4. Financial Oversight: Condominium boards are often responsible for managing the community's finances, including budgeting, reserve funds, and financial planning. Being part of this process allows you to develop financial skills and contribute to the fiscal health of the community.  It also keeps you at the forefront of how the corporation is faring financially and what challenges are coming down the road.
  5. Learning Experience: Serving on a condominium board provides an opportunity for personal and professional development.  You can gain valuable experience in areas such as leadership, conflict resolution, and project management that can be used elsewhere, particularly in your workplace, that can assist you in your work advancement.
  6. Networking: Interacting with fellow board members, property management professionals, and residents can expand your network.  This can be beneficial both personally and professionally, as you may connect with individuals who have similar interests or professional backgrounds.  You never know when that network may come in handy.
  7. Problem-Solving Skills: Board members often deal with a variety of issues and challenges.  Serving on the board provides the chance to hone your problem-solving skills and develop creative solutions to address community concerns . Again, a skill that can be useful in all walks of life.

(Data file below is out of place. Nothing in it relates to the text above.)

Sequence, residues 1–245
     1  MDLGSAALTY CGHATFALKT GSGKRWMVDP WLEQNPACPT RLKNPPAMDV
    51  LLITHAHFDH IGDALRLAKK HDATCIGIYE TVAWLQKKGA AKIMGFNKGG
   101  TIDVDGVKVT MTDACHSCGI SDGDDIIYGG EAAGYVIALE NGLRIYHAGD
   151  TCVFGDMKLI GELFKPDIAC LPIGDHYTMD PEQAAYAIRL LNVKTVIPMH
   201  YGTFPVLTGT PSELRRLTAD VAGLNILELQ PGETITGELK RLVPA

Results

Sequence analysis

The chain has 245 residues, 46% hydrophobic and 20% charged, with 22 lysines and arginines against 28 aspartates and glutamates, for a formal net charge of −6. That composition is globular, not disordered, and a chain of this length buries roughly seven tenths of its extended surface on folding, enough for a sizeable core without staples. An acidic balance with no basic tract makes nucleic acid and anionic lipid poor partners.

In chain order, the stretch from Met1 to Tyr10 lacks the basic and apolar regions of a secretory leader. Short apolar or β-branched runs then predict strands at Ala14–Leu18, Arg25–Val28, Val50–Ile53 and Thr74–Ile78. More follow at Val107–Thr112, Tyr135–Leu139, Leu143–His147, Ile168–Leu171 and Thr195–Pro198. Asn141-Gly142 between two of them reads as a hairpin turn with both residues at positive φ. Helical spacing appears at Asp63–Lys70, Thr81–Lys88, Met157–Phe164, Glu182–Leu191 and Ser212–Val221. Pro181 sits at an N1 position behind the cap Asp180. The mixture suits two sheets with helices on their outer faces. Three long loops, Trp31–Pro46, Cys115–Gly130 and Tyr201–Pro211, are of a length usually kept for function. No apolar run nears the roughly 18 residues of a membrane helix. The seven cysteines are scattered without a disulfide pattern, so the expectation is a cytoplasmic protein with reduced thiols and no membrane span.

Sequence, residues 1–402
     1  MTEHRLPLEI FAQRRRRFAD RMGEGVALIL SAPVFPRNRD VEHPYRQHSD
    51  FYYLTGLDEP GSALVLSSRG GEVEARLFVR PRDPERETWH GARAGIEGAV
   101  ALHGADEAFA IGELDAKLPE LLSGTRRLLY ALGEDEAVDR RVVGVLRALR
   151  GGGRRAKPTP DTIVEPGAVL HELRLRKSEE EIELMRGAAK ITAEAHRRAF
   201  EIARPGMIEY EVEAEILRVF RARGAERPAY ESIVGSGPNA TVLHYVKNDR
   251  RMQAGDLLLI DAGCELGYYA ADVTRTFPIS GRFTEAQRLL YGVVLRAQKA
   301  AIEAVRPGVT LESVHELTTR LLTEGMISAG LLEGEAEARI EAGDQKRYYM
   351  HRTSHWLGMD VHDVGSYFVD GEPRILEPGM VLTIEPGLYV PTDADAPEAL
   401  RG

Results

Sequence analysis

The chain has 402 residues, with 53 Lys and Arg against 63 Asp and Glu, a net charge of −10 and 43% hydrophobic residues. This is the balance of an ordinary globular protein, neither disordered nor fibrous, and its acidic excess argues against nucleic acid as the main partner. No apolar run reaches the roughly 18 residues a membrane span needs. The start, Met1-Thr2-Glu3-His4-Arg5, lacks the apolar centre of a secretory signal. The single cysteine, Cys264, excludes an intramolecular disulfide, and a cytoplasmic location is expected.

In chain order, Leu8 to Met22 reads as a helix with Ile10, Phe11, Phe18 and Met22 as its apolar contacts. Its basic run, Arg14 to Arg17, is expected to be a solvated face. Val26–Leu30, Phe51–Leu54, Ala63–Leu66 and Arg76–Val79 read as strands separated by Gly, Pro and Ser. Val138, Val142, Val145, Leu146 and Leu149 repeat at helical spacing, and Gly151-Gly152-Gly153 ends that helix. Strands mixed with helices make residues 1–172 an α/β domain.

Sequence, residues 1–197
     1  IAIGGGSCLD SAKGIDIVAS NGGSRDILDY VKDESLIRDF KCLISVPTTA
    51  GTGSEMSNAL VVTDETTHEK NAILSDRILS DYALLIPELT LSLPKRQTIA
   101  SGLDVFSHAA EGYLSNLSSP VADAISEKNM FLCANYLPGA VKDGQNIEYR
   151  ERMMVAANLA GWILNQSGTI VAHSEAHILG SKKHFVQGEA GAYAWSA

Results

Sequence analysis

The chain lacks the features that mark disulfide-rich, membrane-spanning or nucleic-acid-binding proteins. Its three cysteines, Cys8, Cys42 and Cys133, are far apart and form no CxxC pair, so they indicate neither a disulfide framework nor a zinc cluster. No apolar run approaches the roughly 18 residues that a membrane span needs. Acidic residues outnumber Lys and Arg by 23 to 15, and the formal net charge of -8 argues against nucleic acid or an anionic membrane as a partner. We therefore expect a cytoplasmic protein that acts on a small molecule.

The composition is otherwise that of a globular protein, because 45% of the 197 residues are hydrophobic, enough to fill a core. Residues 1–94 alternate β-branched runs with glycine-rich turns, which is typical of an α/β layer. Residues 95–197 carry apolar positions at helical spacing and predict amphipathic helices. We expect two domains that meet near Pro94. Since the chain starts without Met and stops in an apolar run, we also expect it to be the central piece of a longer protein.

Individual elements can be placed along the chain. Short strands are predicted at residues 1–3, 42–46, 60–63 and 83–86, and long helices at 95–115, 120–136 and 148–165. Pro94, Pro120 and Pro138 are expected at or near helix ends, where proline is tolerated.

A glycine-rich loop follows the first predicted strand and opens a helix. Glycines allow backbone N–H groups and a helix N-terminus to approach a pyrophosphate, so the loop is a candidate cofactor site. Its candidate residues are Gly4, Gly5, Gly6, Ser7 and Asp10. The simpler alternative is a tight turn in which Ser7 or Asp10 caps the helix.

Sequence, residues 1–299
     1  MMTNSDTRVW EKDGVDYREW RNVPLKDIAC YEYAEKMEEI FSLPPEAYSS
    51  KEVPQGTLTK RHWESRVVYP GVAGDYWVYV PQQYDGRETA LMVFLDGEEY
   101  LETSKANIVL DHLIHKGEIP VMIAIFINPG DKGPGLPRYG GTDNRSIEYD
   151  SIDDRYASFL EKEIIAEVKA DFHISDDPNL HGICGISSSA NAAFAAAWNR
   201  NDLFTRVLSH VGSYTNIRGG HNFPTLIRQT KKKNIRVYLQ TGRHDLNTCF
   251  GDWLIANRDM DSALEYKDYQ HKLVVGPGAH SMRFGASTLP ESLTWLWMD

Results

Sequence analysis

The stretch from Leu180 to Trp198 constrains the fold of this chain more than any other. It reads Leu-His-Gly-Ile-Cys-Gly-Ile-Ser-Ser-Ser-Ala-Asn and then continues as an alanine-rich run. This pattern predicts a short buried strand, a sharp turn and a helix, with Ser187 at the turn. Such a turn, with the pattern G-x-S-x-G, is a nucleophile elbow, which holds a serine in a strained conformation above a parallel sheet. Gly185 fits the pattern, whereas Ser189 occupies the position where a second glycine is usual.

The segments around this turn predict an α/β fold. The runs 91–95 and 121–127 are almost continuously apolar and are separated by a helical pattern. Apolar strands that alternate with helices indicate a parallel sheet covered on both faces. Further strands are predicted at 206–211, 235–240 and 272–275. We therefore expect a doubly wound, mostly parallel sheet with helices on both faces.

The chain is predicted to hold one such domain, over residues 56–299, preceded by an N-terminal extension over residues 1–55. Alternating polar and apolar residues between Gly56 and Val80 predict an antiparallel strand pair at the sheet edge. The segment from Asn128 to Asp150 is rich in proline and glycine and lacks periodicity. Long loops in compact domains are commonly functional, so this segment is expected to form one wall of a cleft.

8. Sense of Accomplishment: Successfully managing and improving a condominium community can bring a sense of purpose, accomplishment, and pride. Knowing that you've contributed to creating a positive living environment for residents can be very rewarding.
  9. Legal and Governance Understanding: Serving on a condominium board exposes you to the legal and governance aspects of community living.  This knowledge can be beneficial in understanding the rights and responsibilities of homeowners and the legal framework governing condominium associations. It can even help you to recognize and better understand rights and responsibilities for employees and owners in the workplace.
  10. Community Building: Board members play a role in fostering a sense of community among residents. By organizing events, communicating effectively, and implementing policies that enhance the community spirit, you can contribute to a positive and vibrant living environment and who doesn’t want to live in a nice community?

While there are numerous benefits, it's important to note that serving on a condominium board also comes with responsibilities and potential challenges.  It requires a time commitment, the ability to work collaboratively with others, and a willingness to address conflicts and complex issues.  Think of it as not something to be fearful of, but as an opportunity to grow as an individual and community.  Plus, you are not alone. There is a whole community out there that can help.  Whether you have little background or a lot in working on a Board, we at CCI NS have courses, information, and other resources to help you in your journey.  That’s why we’re here. Take the plunge and offer your services as a Board Director or as a member of a Board Committee. It will be challenging but worth the effort.

 "What you do has far greater impact than what you say." Steven Covey

Michael Kennedy
CCI Nova Scotia